News from the BBC World Service, with live updates about the aftermath of Hurricane Sandy.
This is a best-of Brian Lehrer Show, so we won't be taking any calls. But the comments page is always open, and we'll be back live on Monday!
Before heading to the stores this Black Friday, Elizabeth Cline gives her take on bargain shopping. Plus: the founder of Golden Krust Caribbean Bakery & Grill; Paul Auster remembers; Context and a Critic on Homeland; Randy Cohen's ethics, and the man behind the Khan Academy videos.
We hope you had a happy Thanksgiving! Today we’re rebroadcasting some favorite interviews. We’ll find out the history and future of anonymous information leaks by hackers and activists, like Wikileaks and Anonymous. Tony Danza tells us about his experiences teaching 10th-grade English for a year at Philadelphia’s largest high school, and explains why he wants to apologize to every teacher he’s ever had. Emma Straub talks about her new novel, Laura Lamont’s Life in Pictures. Plus, Paul Tough looks at why children’s success depends less on intelligence and more on skills like curiosity, optimism, and self-control.
Science Friday is a weekly science talk show from NPR. Each week, Science Friday's host Ira Flatow, a veteran science journalist, looks at science topics that are in the news brings an educated, balanced discussion to bear on the scientific issues at hand. Panels of expert guests join Flatow, a veteran science journalist, to discuss science -- to take questions from listeners during the call-in portion of the program.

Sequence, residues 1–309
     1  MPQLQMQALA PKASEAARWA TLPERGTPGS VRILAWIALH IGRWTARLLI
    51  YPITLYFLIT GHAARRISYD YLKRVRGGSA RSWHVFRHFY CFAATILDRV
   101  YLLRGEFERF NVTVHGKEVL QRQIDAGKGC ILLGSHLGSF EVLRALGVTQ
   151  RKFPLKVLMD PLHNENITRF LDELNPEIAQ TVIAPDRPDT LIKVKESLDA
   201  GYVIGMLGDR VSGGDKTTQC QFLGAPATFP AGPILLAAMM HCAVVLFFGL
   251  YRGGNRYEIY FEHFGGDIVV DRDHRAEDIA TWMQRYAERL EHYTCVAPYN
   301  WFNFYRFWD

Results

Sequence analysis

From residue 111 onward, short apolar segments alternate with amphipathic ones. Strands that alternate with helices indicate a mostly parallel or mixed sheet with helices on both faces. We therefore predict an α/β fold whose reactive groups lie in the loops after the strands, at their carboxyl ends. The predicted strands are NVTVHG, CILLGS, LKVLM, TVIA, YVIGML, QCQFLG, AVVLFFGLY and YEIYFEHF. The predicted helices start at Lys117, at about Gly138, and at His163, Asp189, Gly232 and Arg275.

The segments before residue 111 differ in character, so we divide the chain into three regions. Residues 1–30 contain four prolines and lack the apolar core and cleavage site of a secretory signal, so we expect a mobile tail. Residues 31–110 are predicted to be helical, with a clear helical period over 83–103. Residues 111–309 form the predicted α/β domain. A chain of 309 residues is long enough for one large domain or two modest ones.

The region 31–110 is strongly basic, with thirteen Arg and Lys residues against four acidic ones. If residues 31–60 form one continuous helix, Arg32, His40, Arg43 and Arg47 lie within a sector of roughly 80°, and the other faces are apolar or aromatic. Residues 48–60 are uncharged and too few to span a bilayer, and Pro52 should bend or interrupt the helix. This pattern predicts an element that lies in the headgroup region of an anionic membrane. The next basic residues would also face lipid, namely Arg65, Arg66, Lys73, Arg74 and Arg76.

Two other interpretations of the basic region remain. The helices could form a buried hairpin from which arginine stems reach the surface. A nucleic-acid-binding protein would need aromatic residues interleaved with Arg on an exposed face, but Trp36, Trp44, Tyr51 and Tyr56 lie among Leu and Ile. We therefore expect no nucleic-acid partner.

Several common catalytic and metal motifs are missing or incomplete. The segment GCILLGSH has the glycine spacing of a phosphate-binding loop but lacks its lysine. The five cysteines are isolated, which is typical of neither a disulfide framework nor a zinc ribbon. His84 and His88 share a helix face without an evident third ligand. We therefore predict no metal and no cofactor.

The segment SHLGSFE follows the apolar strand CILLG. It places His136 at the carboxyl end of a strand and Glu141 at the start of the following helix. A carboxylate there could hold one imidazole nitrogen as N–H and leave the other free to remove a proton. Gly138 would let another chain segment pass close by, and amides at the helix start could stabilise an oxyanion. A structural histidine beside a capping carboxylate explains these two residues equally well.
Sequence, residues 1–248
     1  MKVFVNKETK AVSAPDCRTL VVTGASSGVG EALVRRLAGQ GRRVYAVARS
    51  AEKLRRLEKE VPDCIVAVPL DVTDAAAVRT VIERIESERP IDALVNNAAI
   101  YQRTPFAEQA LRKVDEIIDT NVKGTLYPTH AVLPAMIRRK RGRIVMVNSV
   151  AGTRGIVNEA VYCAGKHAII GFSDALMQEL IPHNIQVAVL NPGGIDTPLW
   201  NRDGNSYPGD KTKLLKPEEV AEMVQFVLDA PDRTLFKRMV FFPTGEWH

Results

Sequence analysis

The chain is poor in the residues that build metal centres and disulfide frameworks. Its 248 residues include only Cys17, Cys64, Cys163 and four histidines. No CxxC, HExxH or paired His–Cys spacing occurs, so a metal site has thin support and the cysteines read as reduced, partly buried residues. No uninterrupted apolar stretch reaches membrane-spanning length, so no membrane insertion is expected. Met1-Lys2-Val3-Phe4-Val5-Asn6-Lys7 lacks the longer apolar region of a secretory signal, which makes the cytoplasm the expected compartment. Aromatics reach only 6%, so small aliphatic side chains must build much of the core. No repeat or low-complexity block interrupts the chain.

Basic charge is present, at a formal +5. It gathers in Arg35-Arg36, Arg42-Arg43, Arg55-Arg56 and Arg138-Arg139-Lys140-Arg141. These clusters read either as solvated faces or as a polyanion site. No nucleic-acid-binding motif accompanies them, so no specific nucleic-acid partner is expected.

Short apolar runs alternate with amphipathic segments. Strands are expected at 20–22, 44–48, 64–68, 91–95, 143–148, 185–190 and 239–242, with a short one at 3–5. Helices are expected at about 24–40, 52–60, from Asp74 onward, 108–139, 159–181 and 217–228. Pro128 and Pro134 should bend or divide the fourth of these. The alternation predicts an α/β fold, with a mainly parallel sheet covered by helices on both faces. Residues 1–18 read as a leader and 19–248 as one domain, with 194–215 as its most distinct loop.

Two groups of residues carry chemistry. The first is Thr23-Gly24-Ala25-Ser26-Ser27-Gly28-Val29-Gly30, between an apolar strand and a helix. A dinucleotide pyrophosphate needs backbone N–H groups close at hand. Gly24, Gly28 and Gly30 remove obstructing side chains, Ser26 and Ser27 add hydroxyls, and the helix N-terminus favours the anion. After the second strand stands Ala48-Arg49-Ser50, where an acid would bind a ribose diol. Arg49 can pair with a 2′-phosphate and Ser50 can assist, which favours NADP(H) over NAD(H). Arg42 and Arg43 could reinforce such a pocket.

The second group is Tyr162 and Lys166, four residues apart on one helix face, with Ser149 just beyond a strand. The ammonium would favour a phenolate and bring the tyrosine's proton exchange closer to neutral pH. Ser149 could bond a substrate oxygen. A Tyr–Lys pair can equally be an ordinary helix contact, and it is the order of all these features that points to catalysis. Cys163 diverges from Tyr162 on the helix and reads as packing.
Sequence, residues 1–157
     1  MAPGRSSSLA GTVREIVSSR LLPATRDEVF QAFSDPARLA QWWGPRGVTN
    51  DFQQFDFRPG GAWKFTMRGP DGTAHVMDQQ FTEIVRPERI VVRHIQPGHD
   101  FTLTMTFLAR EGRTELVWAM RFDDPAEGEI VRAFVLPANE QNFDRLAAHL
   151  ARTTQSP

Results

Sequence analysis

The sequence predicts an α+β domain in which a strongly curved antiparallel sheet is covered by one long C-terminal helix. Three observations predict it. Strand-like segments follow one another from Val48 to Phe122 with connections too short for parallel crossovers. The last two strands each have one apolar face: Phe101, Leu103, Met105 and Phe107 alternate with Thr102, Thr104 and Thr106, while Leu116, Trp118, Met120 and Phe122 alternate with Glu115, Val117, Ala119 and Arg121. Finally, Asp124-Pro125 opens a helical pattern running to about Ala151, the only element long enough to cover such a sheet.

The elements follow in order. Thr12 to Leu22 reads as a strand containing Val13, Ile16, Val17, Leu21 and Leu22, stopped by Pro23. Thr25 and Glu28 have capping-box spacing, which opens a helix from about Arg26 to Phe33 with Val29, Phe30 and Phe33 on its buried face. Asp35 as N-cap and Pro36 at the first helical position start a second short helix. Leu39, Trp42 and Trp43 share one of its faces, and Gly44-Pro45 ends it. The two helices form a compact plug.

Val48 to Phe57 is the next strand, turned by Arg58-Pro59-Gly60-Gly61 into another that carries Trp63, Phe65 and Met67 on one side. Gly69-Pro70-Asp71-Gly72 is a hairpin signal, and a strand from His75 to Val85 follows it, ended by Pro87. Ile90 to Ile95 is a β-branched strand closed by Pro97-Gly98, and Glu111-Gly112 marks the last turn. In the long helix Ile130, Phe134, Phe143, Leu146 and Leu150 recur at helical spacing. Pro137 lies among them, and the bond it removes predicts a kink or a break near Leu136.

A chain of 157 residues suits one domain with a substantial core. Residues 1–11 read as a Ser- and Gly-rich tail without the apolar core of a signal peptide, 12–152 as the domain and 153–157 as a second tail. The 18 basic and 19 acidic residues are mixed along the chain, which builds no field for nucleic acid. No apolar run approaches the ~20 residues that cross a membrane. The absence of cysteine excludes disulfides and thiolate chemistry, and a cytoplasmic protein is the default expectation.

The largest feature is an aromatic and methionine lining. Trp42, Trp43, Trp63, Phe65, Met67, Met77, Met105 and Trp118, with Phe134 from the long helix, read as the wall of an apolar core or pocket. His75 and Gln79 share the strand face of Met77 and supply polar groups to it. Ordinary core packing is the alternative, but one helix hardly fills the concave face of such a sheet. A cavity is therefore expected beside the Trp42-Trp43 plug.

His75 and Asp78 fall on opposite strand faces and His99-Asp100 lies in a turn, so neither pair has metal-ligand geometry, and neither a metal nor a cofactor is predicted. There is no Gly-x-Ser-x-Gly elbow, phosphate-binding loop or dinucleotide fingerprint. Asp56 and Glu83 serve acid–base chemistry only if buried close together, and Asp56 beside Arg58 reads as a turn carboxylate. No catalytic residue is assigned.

Christian, Jewish, Muslim, and American: A Woman's Unlikely Background | A Pioneer in Disability Rights | Humor in Dark Places: The Comedy of Cancer | How John Manrique is Getting Right | The Power of Letters | The Hidden Power of Vulnerability
An update of On the Media's annual look at the publishing industry that originally aired in April, including fears of Amazon becoming a monopoly and the little publishing house standing up to it, a Pulitzer snub for fiction, and the problem of knock-off books.
For three nights in October, WNYC presented live concerts at the World Financial Center’s Winter Garden atrium, with each one hosted by John Schaefer.
Today on the show, Soundcheck presents the first of the three events, an Afro-centric show. The first set features Ted Leo, from the popular post-punk band Ted Leo & The Pharmacists, interpreting the music of South African pioneer Hugh Masekela. And in the second, Brooklyn's own Afropop big band Antibalas performs original music that carries on the tradition of the late Nigerian saxophonist, singer and bandleader Fela Kuti.
Q is an energetic daily arts, culture and entertainment magazine that takes you on a smart and surprising ride, interviewing personalities and tackling the cultural issues that matter. Hosted by Jian Ghomeshi, with his trademark wit and spontaneity, Q covers pop culture and high arts alike with forays into the most provocative and compelling cultural trends.
For this New Sounds, listen to several groundbreaking female musicians from around the world. There's music from Malian kora player, Madina N'Diaye, who has opened the way to a new phenomenon in Mali: women’s access to musical instruments traditionally reserved for men. In her song, “Moussow,” the lyrics translate as: “They think that women are incapable of doing all the things they do. But I, Madina, play the Kora...Glory to women, glory to the women of Mali.” We'll hear another tune from her album, "Bimogow."